Abbott has started a US pivotal clinical study evaluating the safety and effectiveness of a modified version of its Amplatzer device designed to correct a common congenital heart defect that occurs in approximately 80,000 pre-term infants in the US each year.
Patent ductus arteriosus, or PDA, is a life-threatening vascular pathway, or duct, in the heart that remains open due to failure of the fetal duct to close after birth. The duct, which serves as a bridge between blood vessels and is located between the main two arteries exiting the heart, is present in normally developing fetuses and typically seals itself after birth.
In some cases, primarily in premature babies, the PDA fails to spontaneously close, which can result in serious difficulty breathing and inability to feed — two critical tasks for newborn babies.
Abbott is developing the AMPLATZER Duct Occluder II Additional Sizes (ADO II AS) device, which is already approved for use in Europe, with the goal of providing physicians with a nonsurgical treatment option for closing the PDA defect in newborns and pre-term infants.
The wire mesh device is placed non-surgically through a catheter inserted through the leg and guided through vessels to the heart, where it is placed to seal the duct. The new device is similar to the AMPLATZER Duct Occluder II product, available in larger sizes, and it builds upon more than 15 years of clinical success for AMPLATZER Occluder therapies.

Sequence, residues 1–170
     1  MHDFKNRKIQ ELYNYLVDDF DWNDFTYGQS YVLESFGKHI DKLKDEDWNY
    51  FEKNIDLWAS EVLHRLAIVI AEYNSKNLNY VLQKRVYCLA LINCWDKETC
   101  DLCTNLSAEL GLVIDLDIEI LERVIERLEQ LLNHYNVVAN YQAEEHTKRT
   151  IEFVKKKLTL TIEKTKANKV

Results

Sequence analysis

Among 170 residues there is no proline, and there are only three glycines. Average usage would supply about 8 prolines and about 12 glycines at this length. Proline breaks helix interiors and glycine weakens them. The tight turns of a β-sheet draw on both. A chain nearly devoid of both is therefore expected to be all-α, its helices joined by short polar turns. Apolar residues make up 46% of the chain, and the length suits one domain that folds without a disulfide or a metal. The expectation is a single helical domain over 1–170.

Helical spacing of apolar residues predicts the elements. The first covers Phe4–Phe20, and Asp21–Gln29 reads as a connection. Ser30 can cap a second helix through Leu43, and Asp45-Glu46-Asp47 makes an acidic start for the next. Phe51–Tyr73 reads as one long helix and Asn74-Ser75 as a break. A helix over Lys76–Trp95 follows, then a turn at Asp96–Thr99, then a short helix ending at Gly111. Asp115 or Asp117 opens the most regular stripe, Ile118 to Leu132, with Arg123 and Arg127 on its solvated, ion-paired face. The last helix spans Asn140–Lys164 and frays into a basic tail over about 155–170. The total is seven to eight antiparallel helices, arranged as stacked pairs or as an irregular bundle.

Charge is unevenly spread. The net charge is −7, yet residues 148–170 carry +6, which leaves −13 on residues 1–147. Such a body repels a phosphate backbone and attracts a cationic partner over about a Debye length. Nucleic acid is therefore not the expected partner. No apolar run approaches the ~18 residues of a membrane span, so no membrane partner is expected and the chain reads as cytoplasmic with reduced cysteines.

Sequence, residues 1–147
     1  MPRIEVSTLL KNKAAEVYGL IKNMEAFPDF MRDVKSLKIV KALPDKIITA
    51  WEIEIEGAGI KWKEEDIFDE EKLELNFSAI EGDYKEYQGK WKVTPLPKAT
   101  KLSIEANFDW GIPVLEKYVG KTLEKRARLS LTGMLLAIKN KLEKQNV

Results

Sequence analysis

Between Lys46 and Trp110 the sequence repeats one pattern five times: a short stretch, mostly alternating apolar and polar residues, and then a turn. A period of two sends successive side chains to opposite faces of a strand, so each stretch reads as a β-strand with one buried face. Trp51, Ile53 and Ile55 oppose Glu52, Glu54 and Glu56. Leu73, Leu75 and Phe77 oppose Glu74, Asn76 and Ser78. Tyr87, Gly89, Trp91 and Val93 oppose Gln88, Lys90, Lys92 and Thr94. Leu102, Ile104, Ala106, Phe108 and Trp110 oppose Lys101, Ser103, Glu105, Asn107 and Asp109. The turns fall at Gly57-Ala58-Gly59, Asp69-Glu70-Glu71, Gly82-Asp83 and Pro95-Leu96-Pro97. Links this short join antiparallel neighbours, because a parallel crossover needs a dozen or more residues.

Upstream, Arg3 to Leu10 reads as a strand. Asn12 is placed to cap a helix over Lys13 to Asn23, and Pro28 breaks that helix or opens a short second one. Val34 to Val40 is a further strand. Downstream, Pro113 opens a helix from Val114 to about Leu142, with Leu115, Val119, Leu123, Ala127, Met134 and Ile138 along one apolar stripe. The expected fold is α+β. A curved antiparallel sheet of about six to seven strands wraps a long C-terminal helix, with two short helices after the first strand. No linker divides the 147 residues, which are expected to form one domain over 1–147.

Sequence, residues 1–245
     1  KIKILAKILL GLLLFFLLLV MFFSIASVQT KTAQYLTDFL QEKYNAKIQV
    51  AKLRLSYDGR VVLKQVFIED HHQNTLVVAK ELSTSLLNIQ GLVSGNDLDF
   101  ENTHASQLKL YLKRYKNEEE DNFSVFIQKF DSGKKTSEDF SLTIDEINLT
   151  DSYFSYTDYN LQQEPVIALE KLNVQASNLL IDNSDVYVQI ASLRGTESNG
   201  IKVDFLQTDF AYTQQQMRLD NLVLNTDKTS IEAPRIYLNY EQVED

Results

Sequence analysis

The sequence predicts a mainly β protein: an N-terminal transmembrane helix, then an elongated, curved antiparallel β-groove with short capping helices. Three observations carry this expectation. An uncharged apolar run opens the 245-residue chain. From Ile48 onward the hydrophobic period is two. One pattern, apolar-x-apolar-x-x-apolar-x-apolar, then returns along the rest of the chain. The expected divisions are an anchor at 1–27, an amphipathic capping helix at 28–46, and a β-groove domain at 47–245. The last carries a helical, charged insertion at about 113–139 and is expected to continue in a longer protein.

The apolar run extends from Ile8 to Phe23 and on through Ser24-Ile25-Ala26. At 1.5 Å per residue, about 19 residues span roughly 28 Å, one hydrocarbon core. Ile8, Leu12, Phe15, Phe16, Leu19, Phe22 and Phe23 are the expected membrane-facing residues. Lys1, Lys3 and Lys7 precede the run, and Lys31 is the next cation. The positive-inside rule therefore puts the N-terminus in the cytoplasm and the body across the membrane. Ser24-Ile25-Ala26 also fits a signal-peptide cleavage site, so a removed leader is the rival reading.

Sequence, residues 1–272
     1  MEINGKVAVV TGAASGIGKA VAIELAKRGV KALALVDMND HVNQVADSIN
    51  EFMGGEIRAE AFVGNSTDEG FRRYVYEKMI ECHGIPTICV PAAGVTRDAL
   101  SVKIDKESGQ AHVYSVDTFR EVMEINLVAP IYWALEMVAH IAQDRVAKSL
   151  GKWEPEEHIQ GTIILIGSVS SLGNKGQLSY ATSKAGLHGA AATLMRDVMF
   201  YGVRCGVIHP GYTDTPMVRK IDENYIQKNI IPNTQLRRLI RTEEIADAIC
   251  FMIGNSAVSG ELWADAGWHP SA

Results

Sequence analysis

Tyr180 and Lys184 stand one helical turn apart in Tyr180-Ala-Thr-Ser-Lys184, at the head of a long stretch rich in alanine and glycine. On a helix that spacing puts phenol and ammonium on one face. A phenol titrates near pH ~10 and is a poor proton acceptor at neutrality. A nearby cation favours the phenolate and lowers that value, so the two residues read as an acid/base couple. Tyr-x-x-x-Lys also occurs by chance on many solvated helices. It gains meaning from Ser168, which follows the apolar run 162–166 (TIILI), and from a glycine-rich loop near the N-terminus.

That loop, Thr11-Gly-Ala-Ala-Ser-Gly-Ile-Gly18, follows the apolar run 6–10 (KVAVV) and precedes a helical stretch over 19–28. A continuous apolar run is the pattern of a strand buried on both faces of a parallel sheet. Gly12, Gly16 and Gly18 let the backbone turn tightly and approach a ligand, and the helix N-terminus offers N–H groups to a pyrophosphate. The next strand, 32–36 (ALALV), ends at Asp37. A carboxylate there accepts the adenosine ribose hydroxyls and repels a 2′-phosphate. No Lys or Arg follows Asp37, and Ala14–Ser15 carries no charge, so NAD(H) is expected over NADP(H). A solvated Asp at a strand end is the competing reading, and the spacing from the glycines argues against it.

"Patent ductus arteriosus is one of the most common heart defects, accounting for 5 to 10 percent of all congenital heart disease," said Evan Zahn, M.D., director of the Guerin Family Congenital Heart Program and director of the Division of Pediatric Cardiology at the Cedars-Sinai Heart Institute in Los Angeles, and principal investigator for the study. "Surgery has many risks in this delicate population and a minimally invasive approach is desperately needed."
Pharmaceuticals can sometimes be used to promote closure of the duct, but are less effective in pre-term infants. For pre-term infants not responsive to pharmaceuticals, current treatment options are limited to surgery, which is not always possible, or to leave the duct open, which is not optimal for young infants.
When the duct remains open, blood is redirected away from the body to the lungs and heart. Left untreated, the condition can lead to serious complications, including heart and kidney failure, damage to the intestines, bleeding in the brain, altered nutrition and growth, and ultimately, becomes a risk factor for chronic lung disease and death.
The study will enroll approximately 50 patients at up to 10 centers across the United States. The first seven patients were enrolled at Le Bonheur Children's Hospital in Memphis, Tenn., and treated by Shyam Sathanandam, M.D., associate professor at the University of Tennessee.
If successful, the U.S. trial results will support Abbott's application for U.S. Food and Drug Administration (FDA) approval for pediatric use in the U.S.
"This modified AMPLATZER device has been designed with our youngest and tiniest patients in mind," said Michael Dale, vice president of Abbott's structural heart business. "These smaller sizes may offer physicians greater flexibility to hopefully help these infants live healthy, normal lives."
The ADO II AS trial is a single-arm, prospective, multicenter, non-randomized clinical investigation designed to characterize the safety and effectiveness of the ADO II AS device in patients with a patent ductus arteriosus (PDA) who are more than three days old.
Co-primary endpoints are the rate of major complications through 180 days after an attempted implant, and the rate of effective closure of the ductus arteriosus among patients with a successful implant at six months. The secondary endpoint is the rate of significant obstruction of the pulmonary artery or aorta through six months.